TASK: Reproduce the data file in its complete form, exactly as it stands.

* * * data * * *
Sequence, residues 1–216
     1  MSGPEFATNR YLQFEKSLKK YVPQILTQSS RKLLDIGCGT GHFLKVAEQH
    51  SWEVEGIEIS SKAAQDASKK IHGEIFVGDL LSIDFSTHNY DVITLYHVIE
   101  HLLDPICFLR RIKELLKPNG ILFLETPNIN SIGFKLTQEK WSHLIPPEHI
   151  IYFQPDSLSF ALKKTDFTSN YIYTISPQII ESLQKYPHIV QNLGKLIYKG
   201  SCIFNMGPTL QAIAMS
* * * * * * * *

Sequence, residues 1–216
     1  MSGPEFATNR YLQFEKSLKK YVPQILTQSS RKLLDIGCGT GHFLKVAEQH
    51  SWEVEGIEIS SKAAQDASKK IHGEIFVGDL LSIDFSTHNY DVITLYHVIE
   101  HLLDPICFLR RIKELLKPNG ILFLETPNIN SIGFKLTQEK WSHLIPPEHI
   151  IYFQPDSLSF ALKKTDFTSN YIYTISPQII ESLQKYPHIV QNLGKLIYKG
   201  SCIFNMGPTL QAIAMS